NEW YORK/MEXICO CITY, April 22 (Reuters) - A U.S. bankruptcy judge allowed U.S. copper miner Asarco LLC to proceed with a plan to sell itself to India’s Sterlite Industries STRL.BO for $1.7 billion, and for Sterlite to protect its bid from competing offers.
Judge Richard Schmidt, who sits in U.S. bankruptcy court in Corpus Christi, Texas, entered an order on Wednesday, approving the proposed sale agreement, which will be incorporated into Asarco’s reorganization plan, according to court papers.
The agreement allows for Sterlite to receive certain protections designed to protect its bid from competing offers, including a break-up fee and expense reimbursement if its deal does not go through.
Creditors will have the ability to vote to accept or reject the proposed Sterlite plan, according to court documents.
The decision, pushes Asarco one-step closer to exiting its four-year-long bankruptcy as creditors will soon have the opportunity to vote on its revised organization plan.
Asarco, which owns three copper mines in Arizona, filed for bankruptcy protection in 2005 after it was sued for $1 billion over environmental cleanup and asbestos claims.
In October, Sterlite, a unit of London-listed Vedanta Resources PLC (VED.L), backed out of an earlier $2.6 billion deal to buy the company, saying it would need a substantial reduction in price after a drop in the copper markets. [ID:nN14530773]
In the order posted on Wednesday, Judge Schmidt found that Asarco had fully-marketed its assets and is “unlikely to identify new qualified bidders, absent a dramatic increase in copper prices.”
Mexican miner Grupo Mexico SAB de CV GMEXICOB.M, which acquired Asarco in 1999 but lacks board control due to the bankruptcy, said on Wednesday it will still go through with its competing $1.3 billion cash offer to regain control of the company through its own reorganization plan.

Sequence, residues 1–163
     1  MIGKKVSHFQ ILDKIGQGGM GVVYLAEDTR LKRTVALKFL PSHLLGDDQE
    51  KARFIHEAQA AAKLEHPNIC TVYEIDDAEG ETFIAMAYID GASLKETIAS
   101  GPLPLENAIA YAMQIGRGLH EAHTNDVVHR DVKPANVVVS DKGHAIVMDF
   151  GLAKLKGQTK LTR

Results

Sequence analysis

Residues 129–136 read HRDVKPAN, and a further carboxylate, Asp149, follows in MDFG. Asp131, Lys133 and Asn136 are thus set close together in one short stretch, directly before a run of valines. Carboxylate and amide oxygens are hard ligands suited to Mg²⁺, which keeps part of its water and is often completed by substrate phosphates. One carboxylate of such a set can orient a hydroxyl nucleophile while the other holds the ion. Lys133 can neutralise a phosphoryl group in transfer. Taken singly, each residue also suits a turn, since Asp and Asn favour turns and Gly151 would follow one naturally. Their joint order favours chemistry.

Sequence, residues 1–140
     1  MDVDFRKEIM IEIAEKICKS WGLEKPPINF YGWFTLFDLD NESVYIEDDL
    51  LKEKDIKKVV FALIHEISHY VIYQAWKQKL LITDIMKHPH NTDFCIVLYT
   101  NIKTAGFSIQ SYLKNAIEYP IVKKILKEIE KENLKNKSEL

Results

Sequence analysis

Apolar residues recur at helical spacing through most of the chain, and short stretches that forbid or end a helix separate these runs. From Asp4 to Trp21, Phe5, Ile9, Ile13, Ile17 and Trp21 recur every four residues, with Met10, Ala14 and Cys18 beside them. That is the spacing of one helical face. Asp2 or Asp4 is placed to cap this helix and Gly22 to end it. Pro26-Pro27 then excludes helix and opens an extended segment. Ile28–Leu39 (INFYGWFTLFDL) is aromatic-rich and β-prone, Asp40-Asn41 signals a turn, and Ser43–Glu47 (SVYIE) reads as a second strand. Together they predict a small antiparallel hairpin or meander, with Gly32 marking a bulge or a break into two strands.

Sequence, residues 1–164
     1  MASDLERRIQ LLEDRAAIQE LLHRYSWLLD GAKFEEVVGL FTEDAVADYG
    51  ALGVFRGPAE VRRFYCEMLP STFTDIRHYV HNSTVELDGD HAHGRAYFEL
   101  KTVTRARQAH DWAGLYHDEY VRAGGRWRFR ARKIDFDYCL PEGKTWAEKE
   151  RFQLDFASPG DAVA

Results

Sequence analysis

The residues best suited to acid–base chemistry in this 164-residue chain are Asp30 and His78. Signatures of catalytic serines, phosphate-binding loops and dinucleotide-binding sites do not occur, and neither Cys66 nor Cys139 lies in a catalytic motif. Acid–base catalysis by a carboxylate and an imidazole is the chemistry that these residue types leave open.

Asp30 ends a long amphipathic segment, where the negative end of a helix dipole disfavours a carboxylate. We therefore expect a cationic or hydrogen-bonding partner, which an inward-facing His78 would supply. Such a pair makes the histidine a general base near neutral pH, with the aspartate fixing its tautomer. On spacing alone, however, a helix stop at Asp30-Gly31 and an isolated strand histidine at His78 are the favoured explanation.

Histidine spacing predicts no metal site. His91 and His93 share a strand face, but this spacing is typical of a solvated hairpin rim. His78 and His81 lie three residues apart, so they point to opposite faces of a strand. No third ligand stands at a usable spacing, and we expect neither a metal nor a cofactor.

“The path is clear for our plan and most importantly, our right to sue Sterlite after our plan has been confirmed (by the court) has been preserved,” said Jorge Lazalde, Grupo Mexico’s legal council in the Asarco case.
Lazalde said Grupo Mexico reserves the right to sue Sterlite for breach of contract for pulling out of the earlier $2.6 billion offer.
Under the new purchase agreement, Sterlite is released from any claims Asarco would have against it for backing out of the earlier deal.
Under the proposed Sterlite deal, Sterlite will pay $1.1 billion cash plus $600 million in senior secured notes, payable over nine years.
Sterlite’s plan will allow Asarco company to pay its administrative priority claims in full, and provide initial cash distributions to unsecured creditors of about 70 cents on the dollar on their claims, according to court documents.
The case is In re: Asarco LLC, U.S. Bankruptcy Court, Southern District of Texas, No. 05-21207 (Reporting by Emily Chasan in New York and Mica Rosenberg in Mexico City; Editing by Anshuman Daga)